Amanita Muscaria Mushroom Pouch

Maybe creepy poison fungus seems more like an autumn thing, but there is some argument for the seasonality of the crochet project I have to share today!

It wasn’t meant to be seasonal – I created the Amanita Mushroom Pouch tutorial & free crochet pattern because I had requests to make a pattern for the above older photos from my Jack-O-Lantern and Morel Mushroom pouch blog posts. But since we’re on the subject, here’s an article about the connection of amanitas to winter tradition in Northern Europe and Russia. I’ve read other articles in the past, making wilder and less well-researched claims, which are fun if speculative.

Whether or not you buy that some of our holiday traditions are derived from hallucinating on mushroom toxins, the Amanita Muscaria Mushroom Pouch is a pretty cute little project to make curled up inside on a winter’s day, and look adorable tucked in the branches of the tree ❤

I’ve been making these for a few years and I’m glad to have finally created a pattern for them 🙂 Happily, I have BOTH a written pattern and a video tutorial (see my Youtube Channel or find it at the end of the pattern below)! Huzzah!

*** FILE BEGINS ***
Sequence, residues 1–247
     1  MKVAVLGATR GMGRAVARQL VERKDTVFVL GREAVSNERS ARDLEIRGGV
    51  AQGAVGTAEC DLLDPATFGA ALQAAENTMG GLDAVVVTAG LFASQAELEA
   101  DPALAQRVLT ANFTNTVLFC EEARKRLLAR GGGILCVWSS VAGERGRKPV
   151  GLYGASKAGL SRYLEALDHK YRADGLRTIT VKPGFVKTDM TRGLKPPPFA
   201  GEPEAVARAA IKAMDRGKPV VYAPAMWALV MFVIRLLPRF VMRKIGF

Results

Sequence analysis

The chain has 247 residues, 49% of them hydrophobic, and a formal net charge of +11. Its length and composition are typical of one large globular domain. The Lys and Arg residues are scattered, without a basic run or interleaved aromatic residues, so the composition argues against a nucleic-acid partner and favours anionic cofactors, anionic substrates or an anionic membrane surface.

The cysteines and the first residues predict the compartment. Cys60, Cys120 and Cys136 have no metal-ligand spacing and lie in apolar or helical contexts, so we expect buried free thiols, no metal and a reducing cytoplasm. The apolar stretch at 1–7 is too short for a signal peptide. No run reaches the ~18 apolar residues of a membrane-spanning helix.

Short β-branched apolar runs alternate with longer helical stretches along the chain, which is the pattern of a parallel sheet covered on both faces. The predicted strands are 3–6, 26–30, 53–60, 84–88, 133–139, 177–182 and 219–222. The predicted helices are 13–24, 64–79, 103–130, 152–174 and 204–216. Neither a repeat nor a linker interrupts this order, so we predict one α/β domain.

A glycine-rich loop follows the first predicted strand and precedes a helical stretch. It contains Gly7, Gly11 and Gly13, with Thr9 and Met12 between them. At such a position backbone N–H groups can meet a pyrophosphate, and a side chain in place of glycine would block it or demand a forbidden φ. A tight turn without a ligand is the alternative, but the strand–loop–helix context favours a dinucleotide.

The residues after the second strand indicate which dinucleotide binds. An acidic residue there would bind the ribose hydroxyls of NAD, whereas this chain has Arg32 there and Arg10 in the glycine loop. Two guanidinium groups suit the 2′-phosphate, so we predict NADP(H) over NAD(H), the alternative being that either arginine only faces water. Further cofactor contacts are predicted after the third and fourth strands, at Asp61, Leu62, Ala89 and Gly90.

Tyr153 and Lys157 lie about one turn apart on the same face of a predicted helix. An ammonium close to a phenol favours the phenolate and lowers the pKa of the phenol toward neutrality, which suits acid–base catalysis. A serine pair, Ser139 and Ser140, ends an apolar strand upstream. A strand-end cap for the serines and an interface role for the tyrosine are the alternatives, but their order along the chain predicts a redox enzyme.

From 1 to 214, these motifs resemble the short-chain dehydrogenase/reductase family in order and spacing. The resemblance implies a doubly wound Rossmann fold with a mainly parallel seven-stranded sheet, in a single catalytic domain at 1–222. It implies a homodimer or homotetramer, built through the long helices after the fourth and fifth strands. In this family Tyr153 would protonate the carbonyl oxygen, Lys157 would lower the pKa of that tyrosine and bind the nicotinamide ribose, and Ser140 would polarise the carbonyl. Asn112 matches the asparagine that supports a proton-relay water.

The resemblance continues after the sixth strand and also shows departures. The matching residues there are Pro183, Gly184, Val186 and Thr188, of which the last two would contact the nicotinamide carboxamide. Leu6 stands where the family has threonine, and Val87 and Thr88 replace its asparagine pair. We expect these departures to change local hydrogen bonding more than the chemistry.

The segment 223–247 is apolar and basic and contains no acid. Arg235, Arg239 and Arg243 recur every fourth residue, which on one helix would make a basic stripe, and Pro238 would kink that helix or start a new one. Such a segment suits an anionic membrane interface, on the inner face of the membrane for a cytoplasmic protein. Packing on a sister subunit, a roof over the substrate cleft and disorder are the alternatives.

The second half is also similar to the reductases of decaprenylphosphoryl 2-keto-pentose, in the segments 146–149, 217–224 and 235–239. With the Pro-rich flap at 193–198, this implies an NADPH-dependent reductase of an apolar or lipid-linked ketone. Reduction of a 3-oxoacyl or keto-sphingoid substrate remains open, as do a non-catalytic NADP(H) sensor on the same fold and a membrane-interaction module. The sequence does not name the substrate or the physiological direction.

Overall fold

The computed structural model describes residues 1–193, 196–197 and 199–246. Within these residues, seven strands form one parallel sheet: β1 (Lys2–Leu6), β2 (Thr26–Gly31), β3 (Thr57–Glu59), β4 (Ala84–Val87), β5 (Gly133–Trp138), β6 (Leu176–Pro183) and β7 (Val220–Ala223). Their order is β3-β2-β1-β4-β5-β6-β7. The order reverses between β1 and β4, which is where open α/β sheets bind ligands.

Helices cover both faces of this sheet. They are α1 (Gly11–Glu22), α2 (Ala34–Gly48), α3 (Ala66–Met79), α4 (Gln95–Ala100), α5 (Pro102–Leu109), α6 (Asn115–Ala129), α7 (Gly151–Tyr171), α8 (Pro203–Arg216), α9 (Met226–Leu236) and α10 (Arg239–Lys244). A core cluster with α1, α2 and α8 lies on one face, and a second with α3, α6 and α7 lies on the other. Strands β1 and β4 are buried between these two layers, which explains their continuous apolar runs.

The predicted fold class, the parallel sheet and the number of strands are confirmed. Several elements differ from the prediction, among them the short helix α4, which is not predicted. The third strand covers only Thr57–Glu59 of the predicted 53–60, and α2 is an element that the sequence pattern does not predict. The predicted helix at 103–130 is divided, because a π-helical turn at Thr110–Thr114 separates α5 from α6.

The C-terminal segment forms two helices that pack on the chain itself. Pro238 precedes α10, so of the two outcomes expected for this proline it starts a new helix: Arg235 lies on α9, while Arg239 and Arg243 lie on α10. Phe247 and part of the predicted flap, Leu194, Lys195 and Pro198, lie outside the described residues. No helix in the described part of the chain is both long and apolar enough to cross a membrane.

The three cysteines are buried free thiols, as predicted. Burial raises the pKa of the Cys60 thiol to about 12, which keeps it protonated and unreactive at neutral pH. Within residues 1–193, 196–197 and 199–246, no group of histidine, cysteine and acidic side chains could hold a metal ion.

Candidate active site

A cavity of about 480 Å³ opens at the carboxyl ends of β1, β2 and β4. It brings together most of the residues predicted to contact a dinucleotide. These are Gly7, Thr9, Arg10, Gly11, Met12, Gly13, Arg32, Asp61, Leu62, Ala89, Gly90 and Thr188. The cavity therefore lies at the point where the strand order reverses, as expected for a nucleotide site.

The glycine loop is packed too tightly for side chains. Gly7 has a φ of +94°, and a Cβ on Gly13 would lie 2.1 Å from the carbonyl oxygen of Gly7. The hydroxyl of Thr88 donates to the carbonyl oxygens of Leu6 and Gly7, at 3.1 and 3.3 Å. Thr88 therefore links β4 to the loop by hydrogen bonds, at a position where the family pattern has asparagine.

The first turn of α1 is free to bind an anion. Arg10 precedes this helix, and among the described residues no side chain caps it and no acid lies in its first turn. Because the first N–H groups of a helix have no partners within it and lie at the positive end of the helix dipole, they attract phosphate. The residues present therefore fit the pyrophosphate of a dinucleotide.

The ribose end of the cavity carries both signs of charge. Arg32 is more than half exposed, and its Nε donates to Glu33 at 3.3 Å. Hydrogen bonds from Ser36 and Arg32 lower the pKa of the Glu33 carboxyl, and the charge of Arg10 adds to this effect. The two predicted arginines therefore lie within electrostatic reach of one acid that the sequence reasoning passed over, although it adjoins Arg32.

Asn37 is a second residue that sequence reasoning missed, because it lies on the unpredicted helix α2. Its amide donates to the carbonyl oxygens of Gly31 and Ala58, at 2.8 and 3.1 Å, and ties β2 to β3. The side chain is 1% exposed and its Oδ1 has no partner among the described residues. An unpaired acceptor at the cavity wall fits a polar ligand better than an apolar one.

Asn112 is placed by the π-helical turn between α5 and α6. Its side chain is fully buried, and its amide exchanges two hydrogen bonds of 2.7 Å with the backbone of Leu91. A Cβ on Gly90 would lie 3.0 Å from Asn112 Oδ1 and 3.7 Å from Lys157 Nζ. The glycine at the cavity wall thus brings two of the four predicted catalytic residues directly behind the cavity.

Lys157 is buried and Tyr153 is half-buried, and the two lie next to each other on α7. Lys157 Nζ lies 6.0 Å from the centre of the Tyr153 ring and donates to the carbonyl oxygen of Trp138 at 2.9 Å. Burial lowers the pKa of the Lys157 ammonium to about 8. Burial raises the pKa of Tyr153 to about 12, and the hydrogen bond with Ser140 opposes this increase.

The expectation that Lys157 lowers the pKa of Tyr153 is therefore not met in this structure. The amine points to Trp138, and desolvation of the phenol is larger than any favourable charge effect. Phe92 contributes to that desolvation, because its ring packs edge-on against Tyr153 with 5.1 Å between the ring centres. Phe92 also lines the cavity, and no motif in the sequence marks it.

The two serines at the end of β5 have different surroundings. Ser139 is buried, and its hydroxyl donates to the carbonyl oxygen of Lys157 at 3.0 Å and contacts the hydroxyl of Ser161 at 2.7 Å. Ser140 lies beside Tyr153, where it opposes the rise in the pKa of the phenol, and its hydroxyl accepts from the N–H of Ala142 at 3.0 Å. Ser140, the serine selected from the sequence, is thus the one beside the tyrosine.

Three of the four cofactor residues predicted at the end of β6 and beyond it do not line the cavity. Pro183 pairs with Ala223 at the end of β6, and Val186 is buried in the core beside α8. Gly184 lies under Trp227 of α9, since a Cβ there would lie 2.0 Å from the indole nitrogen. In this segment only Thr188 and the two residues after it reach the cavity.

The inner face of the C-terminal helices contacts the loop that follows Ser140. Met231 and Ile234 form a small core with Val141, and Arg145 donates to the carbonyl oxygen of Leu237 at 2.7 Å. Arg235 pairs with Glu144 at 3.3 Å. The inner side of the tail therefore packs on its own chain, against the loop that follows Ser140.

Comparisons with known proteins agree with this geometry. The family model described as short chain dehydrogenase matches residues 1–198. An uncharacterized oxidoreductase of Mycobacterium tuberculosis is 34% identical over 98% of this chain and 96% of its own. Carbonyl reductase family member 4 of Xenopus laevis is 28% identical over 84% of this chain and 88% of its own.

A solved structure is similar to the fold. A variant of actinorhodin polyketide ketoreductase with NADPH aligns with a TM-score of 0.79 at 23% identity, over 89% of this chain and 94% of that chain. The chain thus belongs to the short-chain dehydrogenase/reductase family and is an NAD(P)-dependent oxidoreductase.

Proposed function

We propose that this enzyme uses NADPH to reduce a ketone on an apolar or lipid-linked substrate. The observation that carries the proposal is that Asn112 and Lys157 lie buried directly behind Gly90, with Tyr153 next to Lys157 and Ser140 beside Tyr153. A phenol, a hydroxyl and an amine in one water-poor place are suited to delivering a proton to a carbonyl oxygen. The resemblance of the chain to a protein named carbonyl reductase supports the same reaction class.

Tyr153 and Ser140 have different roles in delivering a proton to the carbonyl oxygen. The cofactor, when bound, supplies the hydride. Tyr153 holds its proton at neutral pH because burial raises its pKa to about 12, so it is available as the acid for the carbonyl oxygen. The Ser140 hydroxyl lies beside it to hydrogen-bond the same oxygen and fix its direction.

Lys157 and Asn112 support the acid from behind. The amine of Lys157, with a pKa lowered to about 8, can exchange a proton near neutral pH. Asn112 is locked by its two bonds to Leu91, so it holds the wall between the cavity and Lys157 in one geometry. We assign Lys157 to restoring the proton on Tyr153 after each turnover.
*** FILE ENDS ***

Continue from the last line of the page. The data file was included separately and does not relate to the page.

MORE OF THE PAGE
Amanita Muscaria Mushroom Pouch

Materials:
4.5 mm Hook
#4 Worsted weight yarn in white and red
Tapestry needle
Scissors

Stem Instructions:
Make Magic Ring.
Rnd 1: 6 sc into the ring.
Rnd 2: 2 sc in ea st – 12 sts
Rnd 3: Working in back loop only, 1 sc in ea st around – 12 sts in BLO
Rnd 4: *Sc in the next 2 sc, sc2tog. Rpt around – 9 sts
Rnds 5-6: 1 sc in ea sc.

Rnd 7: Working in the back loop only (BLO), 1 sc in ea sc


Rnd 8: Working in the front loop only left from Rnd 7, *1 hdc and 1 sc in the next st, 1 sc in the next st. Rpt around.


Rnd 9: Skipping over Rnd 8 and continuing into the sc stitches of Rnd 7, 1 sc in ea sc.
Rnds 10-13: 1 sc in ea sc around

Sl st in the next few sts, do not tie off. Begin crochet chain loop. Chain 100-125. Once chain is complete, slip stitch on the opposite side of the stem from the beginning of the chain. Add a few more slip sts around to secure. Cut yarn and tie off.

Cap Instructions:

With red yarn, make Magic Ring.
Rnd 1: Ch 2. 10 hdc into the ring.
Rnd 2: Ch 2. 1 hdc in the same st. 2 hdc in the next st. *1 hdc in the next st, 2 hdc in the next st. Rpt around


Rnds 3-4: 1 hdc in ea st around.
Rnd 5: 1 sc in ea st around.

Sl st in the next few sts to secure, then cut yarn and tie off. Weave in all ends on the stem and cap using a tapestry needle and scissors.

With a length of white yarn, thread the tapestry needle. Insert needle from under the cap to the top, leaving some tail for sewing in. The spots are made from working french knots, an embroidery technique that wraps yarn around the embroidery needle before completing the stitch. For instructions on this part, see the video at 17:00.

Video Tutorial

Also, for fun, here’s me in an Amanita Muscaria Mushroom hat, which is made with french knots bespeckling my Sweetheart Beret crochet pattern, a.k.a the Forest Girl Beret ( the antlered version).
UPDATE 8/2020: This beret pattern actually now comes in full-format PDF form that includes specific instructions for a mushroom hat – find more info on this blog post!